The first line of the report summary is clear: “Good, impartial evidence on the impact of education technology is in short supply.” And the message certainly got noticed globally. In the month the GEM report was published there were 2,750 articles published about it across 109 countries, with multiple examples of how the report led to national level policy changes. The EdTech Hub team was privileged to contribute to the work and see how it helped move the sector towards a more evidence-driven future. 

Making strategic contributions to shape conversations

In the last year EdTech Hub has provided public thought leadership at more than 40 strategic gatherings. This happens at global events such as the launch of the GEM report in Montevideo, at UNGA in New York, at CIES in Miami, and at UKFIET in Oxford. It also, and most importantly, takes place in regions where our work is focused, such as the Utafiti Elimu conference in Dar es Salaam, the EdTech Summit in Nairobi, and the eLearning Africa conference in Dakar. This is ongoing work and involves many people from across the Hub team. In the last couple of weeks we have particularly enjoyed contributing to the UNESCO Global Education Coalition meeting in Paris, and the GPE online conference on supporting learning through Covid-19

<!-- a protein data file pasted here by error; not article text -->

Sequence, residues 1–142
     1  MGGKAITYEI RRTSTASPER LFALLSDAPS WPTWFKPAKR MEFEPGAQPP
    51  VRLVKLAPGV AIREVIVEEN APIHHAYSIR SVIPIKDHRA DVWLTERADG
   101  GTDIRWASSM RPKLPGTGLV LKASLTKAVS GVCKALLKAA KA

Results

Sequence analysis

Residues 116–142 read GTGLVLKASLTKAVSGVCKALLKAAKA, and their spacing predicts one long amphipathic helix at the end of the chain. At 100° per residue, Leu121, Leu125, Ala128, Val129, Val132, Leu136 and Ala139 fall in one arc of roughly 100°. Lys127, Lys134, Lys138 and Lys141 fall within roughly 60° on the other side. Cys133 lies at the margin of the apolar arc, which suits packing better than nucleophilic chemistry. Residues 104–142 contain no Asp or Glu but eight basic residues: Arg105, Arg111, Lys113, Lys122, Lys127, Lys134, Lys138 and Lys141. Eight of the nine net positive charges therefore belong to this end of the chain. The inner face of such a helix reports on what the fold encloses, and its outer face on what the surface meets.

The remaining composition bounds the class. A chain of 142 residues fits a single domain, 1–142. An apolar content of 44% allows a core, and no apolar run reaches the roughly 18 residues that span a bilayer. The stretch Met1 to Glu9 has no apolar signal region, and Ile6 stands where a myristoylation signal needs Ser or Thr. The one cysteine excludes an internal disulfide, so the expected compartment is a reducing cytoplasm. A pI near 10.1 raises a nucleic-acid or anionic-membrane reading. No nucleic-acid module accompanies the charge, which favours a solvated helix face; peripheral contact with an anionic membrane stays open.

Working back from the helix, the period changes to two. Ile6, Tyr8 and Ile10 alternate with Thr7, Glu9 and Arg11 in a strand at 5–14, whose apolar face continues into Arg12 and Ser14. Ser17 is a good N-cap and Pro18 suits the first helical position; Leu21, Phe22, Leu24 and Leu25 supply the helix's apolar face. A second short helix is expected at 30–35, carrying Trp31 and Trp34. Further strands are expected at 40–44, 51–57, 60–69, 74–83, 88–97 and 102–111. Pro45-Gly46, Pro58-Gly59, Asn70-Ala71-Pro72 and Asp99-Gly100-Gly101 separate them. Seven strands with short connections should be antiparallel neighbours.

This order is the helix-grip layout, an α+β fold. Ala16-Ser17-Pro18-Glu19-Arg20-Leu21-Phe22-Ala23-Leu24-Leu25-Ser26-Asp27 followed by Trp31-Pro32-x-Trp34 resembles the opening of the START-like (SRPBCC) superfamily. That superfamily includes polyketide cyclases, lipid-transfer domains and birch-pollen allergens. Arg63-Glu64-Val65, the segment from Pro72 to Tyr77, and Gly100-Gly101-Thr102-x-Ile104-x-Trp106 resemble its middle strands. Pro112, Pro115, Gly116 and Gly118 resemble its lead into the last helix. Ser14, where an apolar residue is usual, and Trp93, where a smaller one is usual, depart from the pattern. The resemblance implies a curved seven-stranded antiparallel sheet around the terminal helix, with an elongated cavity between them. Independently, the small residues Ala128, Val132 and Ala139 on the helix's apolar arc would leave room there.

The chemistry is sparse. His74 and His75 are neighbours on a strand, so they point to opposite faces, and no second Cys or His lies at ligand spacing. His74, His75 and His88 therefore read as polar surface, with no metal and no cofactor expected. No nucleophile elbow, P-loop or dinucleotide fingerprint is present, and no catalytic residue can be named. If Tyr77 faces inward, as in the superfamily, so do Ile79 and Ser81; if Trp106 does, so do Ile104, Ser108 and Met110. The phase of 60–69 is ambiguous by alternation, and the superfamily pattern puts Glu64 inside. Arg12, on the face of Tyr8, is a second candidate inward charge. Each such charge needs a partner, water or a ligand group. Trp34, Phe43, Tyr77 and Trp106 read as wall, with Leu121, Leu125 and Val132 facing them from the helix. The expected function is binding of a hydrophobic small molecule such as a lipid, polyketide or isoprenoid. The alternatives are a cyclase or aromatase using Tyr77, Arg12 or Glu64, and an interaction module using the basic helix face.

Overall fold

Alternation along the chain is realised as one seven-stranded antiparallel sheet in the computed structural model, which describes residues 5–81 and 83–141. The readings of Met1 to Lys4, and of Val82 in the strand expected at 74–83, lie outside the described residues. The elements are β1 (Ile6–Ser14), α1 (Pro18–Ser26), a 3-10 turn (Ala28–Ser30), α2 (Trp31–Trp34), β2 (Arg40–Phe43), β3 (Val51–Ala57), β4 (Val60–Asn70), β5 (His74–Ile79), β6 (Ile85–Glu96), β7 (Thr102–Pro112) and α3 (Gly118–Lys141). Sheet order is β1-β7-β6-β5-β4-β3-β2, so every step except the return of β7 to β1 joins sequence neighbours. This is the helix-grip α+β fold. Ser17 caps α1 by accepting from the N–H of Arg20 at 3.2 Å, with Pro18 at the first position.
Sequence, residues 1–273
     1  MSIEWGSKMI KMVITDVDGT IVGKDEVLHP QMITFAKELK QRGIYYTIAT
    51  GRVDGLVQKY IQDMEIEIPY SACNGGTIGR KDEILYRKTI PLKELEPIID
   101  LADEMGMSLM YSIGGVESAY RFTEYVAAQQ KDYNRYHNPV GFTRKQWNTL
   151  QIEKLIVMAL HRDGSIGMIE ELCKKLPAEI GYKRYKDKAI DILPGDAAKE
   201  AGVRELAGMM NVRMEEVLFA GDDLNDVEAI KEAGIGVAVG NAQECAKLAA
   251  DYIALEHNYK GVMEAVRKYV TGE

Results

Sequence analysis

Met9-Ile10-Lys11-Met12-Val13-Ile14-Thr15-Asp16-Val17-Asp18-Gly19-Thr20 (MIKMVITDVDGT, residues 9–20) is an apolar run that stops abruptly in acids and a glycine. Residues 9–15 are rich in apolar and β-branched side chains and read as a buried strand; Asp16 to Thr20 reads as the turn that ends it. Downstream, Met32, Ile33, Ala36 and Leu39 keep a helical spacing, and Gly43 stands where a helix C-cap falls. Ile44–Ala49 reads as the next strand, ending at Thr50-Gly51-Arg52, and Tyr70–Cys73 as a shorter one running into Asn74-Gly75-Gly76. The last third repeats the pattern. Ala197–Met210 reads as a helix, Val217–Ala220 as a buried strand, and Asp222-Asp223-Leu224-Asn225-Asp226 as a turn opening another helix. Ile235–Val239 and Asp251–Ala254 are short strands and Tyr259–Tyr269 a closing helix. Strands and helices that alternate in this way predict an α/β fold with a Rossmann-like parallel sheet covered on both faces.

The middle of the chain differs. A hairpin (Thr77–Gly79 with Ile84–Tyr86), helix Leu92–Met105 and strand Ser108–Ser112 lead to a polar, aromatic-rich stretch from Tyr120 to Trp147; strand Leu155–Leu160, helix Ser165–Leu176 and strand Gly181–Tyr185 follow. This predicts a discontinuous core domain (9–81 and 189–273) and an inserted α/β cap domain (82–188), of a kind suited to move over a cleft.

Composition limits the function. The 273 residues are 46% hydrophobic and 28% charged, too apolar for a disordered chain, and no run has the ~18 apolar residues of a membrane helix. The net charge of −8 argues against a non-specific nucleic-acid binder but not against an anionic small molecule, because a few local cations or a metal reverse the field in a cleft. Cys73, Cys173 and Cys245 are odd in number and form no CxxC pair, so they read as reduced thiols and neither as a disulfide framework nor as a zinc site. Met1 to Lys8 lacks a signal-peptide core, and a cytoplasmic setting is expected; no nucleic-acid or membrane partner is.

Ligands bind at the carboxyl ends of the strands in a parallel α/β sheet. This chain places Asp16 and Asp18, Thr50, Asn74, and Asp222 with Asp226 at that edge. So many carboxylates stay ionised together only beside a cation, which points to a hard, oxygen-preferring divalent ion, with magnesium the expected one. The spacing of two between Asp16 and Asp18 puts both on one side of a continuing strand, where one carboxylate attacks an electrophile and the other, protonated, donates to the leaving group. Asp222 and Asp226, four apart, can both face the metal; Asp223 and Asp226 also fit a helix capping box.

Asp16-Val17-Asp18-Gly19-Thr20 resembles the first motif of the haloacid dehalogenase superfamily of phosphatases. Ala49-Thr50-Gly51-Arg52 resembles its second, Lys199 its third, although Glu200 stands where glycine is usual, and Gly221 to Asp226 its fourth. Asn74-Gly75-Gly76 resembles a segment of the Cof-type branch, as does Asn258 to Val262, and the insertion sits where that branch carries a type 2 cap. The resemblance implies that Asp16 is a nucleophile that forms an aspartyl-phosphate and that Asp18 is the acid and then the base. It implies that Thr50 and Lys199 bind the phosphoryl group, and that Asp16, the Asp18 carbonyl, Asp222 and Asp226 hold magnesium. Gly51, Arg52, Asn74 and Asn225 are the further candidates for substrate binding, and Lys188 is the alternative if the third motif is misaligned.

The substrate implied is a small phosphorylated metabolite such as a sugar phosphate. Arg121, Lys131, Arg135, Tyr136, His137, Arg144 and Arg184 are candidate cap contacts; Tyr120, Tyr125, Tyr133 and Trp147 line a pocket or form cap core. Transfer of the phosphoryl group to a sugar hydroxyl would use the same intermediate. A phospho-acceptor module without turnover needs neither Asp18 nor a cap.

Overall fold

We are always pleased to be invited to contribute at EdTech gatherings. Building a movement requires being strategic in our choices about where we prioritise and what we choose to say. We have learned a few lessons about how to ensure the contributions we make are as useful as possible. First, we focus on sharing practical insights that we have gained from working in close collaboration with EdTech implementers and government policy-makers. Second, we contribute on topics where we have technical expertise and can provide insight on the specific issues of ‘how, why, and for whom’ behind research findings. Third, we consistently use our voice to advocate for a sector-wide commitment to tracking learning outcomes and sharing full cost models, so that decisions in EdTech can be made on the basis of robust and comparable cost-effectiveness analysis.

Committed collaboration is the key to movement building

Building a movement for an evidence-driven future for EdTech requires many different actors. We have been encouraged over the last year to see buy-in from governments, tech developers, implementers, researchers, funders, and teachers and school leaders — all recognising how evidence can improve their work in EdTech. The global learning crisis is as stark as ever, and the need for progress is great. EdTech Hub is committed to playing its part, catalysing the movement and championing evidence-driven EdTech.